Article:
HOW DO YOU JUDGE SUCCESS?
If someone were to ask you the question, “What makes you term people successful,” what would you answer? Would you consider how recognisable their names are, how wealthy they are, how fashionable their clothes or list some of their remarkable achievements? While you wouldn’t be entirely wrong in doing so, I feel that success is actually specific to the individual. In other words, the yardsticks for determining success vary from person to person.
Why do I think so? I feel that one cannot be successful outside what God has called him or her to do. And since God has not called all of us to do the same things or to do particular things in the same way, we really can’t be judged by the same parameters.
To illustrate, I want to use the lives of two men from the Bible: the prophet Isaiah and John the Baptist. Isaiah spoke the counsel of God for about 60 years (740 B.C. to 680 B.C.) to kings, from Jotham to Hezekiah, his call coming in the year Jotham’s father, King Uzziah, died. He spoke to the nation of Judah and about other nations, particularly Babylon.
Isaiah walked the corridors of power. He was consulted on matters of policy and when the nation was in dire straits. When Sennacherib, the King of Assyria, conquered some fortified cities in Judah and had Jerusalem under siege, he sent his field officers to terrorise the people and make them to surrender, reminding them that the Assyrian army had overrun many nations. His insolent query was: “Who of all the gods of these countries has been able to save his land from me? How then can the LORD deliver Jerusalem from my hand?” – 2 Kings 18:35 (NIV)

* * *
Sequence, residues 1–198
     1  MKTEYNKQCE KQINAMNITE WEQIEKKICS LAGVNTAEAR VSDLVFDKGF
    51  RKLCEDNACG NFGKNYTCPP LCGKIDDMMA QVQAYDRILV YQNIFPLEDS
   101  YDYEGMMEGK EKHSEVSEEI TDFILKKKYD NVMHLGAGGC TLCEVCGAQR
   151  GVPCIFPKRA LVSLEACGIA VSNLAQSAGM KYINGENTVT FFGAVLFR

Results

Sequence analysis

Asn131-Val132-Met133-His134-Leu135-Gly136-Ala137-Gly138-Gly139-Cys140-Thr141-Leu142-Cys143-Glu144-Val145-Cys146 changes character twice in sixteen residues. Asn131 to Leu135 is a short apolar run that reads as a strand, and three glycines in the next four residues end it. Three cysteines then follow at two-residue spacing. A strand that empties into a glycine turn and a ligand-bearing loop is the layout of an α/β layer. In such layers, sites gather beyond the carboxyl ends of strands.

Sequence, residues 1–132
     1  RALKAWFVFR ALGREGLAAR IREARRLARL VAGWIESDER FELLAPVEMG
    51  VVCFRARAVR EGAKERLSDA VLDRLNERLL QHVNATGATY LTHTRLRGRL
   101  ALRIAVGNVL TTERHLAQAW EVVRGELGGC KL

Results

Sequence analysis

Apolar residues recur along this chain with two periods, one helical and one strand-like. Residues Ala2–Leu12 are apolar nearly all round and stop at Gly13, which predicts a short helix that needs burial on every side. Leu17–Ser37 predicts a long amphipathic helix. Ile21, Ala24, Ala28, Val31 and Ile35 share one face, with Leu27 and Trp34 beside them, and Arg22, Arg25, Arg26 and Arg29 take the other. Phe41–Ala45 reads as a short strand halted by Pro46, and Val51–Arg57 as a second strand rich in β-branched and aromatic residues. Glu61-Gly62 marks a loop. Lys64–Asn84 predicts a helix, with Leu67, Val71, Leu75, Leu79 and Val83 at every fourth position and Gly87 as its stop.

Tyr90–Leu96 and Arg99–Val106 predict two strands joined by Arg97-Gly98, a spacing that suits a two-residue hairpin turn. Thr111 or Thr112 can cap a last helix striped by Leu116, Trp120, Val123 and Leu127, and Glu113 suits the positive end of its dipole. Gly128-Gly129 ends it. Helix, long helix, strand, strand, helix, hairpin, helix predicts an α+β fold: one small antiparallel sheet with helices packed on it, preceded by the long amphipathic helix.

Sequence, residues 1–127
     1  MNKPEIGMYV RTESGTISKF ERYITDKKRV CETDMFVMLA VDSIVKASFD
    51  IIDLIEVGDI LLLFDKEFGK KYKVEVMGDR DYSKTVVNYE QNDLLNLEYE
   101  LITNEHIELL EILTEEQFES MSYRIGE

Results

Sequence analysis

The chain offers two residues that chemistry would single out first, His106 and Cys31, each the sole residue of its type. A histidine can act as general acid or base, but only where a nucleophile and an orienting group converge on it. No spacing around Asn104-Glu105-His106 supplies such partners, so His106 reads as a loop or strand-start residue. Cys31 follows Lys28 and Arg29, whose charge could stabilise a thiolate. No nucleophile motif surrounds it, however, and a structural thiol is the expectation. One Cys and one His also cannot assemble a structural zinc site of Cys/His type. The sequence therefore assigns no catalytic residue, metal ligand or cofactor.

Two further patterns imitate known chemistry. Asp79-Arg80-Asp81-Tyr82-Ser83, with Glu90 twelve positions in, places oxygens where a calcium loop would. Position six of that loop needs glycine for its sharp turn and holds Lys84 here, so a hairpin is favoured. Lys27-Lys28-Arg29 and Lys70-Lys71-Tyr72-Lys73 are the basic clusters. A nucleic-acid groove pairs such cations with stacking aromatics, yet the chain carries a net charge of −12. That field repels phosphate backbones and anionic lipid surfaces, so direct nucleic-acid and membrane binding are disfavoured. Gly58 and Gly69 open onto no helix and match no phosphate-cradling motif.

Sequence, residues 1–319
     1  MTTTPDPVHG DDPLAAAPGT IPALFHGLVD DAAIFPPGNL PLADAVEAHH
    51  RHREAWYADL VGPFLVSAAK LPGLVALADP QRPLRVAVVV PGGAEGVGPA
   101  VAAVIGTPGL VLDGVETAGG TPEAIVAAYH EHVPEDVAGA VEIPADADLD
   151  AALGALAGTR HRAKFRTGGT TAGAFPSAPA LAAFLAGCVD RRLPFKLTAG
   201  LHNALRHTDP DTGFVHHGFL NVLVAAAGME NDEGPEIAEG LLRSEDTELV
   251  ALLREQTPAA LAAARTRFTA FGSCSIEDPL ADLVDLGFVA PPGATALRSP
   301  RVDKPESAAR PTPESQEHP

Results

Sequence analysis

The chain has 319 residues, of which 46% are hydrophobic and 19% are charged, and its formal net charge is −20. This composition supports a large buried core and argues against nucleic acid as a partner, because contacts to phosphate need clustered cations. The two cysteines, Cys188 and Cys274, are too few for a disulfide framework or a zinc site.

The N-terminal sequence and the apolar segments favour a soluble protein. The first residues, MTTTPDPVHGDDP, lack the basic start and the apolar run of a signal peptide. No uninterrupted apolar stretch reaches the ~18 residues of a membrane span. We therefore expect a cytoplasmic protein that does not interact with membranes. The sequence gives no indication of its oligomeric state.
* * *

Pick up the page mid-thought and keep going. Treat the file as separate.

The story continues ….
“And it came to pass, when king Hezekiah heard it, that he rent his clothes, and covered himself with sackcloth, and went into the house of the Lord. And he sent Eliakim, which was over the household, and Shebna the scribe, and the elders of the priests, covered with sackcloth, to Isaiah the prophet the son of Amoz. And they said unto him, Thus saith Hezekiah, This day is a day of trouble, and of rebuke, and blasphemy: for the children are come to the birth, and there is not strength to bring forth. It may be the Lord thy God will hear all the words of Rab–shakeh, whom the king of Assyria his master hath sent to reproach the living God; and will reprove the words which the Lord thy God hath heard: wherefore lift up thy prayer for the remnant that are left.” 2 Kings 19:1-4
Well, Isaiah did pray and a subsequent passage says that the Lord sent an angel and he killed 185,000 Assyrian soldiers in one night (v. 35). One account said it was a plague. Same thing. End of siege. The northern kingdom, Israel, had been conquered and its citizens exiled about eight years before this incident but the southern kingdom not only outlived Sennacherib, the threatening king, it survived for another 115 years till it fell to Babylon in the time of King Zedekiah in 586 B.C.
Isaiah midwifed this and other awesome deliverances of the Lord’s people. When God wanted King Hezekiah to prepare to die, it was the same Isaiah that he sent. Hezekiah was quite unwilling to go and “wept sore” (v.3). God sent Isaiah back to announce he had got a reprieve (15 years added to his life span). Isaiah also gave directions to bring about Hezekiah’s healing (2 Kings 20:1-6).